So what is inspiring you at the moment? How are you collecting your thoughts and inspirations? and can you suggest any useful sites or links that Clare would like?

 

 

 

 

 

 

 

 

 

Pandora’s 7 Secrets to Creative Harmony

I became intrigued by Pandora’s work after seeing her embroidering while at a conference! Her work is richly diverse and a great example of how an artist can develop their practice over time and by using different materials for expression and collaborating.

I wanted to interview her to find out a bit more about her process as inspiration for my new project collaboration, as well as inspire those of you interested in diversifying and expanding how you make work in the new economy. What Pandora has managed to do is combine a quality of life as a thinking, ideas based artist who makes work that generates an income. She continues to explore her fascination with dark and difficult issues and this manifests as evocative embroideries, sculptures and works on paper.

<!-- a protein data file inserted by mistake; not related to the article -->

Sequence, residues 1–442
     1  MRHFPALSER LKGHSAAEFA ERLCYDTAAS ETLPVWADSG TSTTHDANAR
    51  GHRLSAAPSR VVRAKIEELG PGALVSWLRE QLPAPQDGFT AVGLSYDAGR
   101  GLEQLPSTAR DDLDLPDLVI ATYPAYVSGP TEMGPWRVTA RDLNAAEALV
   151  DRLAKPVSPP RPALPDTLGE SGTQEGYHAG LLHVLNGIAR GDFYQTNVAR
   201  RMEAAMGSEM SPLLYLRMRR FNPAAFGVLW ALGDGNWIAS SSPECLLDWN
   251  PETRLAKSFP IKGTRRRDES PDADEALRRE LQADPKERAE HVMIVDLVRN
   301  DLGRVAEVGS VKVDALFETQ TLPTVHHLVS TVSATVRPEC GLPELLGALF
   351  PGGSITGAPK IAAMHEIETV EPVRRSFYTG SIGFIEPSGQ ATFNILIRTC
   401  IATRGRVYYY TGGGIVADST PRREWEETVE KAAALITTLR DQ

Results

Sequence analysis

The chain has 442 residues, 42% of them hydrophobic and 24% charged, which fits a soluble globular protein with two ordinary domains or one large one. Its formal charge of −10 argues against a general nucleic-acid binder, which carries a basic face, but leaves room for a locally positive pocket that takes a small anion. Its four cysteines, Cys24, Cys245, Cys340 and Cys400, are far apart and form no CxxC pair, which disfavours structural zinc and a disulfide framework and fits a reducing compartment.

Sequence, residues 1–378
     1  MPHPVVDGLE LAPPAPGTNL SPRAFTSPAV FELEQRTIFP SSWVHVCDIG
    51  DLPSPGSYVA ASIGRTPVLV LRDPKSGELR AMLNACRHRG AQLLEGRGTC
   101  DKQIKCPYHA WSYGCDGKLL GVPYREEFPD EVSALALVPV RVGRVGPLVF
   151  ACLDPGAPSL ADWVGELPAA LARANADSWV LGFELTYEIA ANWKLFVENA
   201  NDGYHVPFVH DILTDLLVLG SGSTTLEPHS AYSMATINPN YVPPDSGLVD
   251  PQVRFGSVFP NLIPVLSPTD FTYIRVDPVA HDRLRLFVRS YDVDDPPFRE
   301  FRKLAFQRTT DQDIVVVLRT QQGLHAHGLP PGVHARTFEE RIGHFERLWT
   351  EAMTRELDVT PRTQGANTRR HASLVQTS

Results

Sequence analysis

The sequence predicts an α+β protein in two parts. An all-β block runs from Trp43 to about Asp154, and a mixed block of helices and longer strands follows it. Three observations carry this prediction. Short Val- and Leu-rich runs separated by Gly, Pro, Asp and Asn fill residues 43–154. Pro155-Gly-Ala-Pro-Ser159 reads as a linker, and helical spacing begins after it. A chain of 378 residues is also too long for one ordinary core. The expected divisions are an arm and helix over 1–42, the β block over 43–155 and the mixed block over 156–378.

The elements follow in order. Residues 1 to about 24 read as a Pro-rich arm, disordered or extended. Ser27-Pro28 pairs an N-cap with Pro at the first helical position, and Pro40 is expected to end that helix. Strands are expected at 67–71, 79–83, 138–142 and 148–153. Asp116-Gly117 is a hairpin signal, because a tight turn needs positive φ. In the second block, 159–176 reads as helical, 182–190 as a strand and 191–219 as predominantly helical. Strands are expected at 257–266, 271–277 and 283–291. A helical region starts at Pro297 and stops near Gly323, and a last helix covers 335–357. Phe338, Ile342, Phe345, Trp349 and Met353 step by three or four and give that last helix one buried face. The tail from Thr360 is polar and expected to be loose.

Pandora Vaughan was born in London 1970 and is a UK/Canadian artist combining a studio art practice with public commissions and landscape design. Her work is focused on spatial experience and social history, often with themes of imposed confinement. Trained in metalwork and painting, she flips between two dimensional and three dimensional regularly. She is particularly interested in the social significance attached to different media and will use whatever suits a project.

Pandora studied in Nova Scotia and London, gaining a BA in Fine Art, MA Art in Architecture and MA Landscape Architecture. She regularly exhibits in the UK and has built installations extending from Snowdonia to Devon. For the past ten years she has also collaborated with the Welsh architect Huw Meredydd Owen under the name V&O – working across an area encompassing art and architecture, buildings and landscape, ideas and action, and between the community and its potential.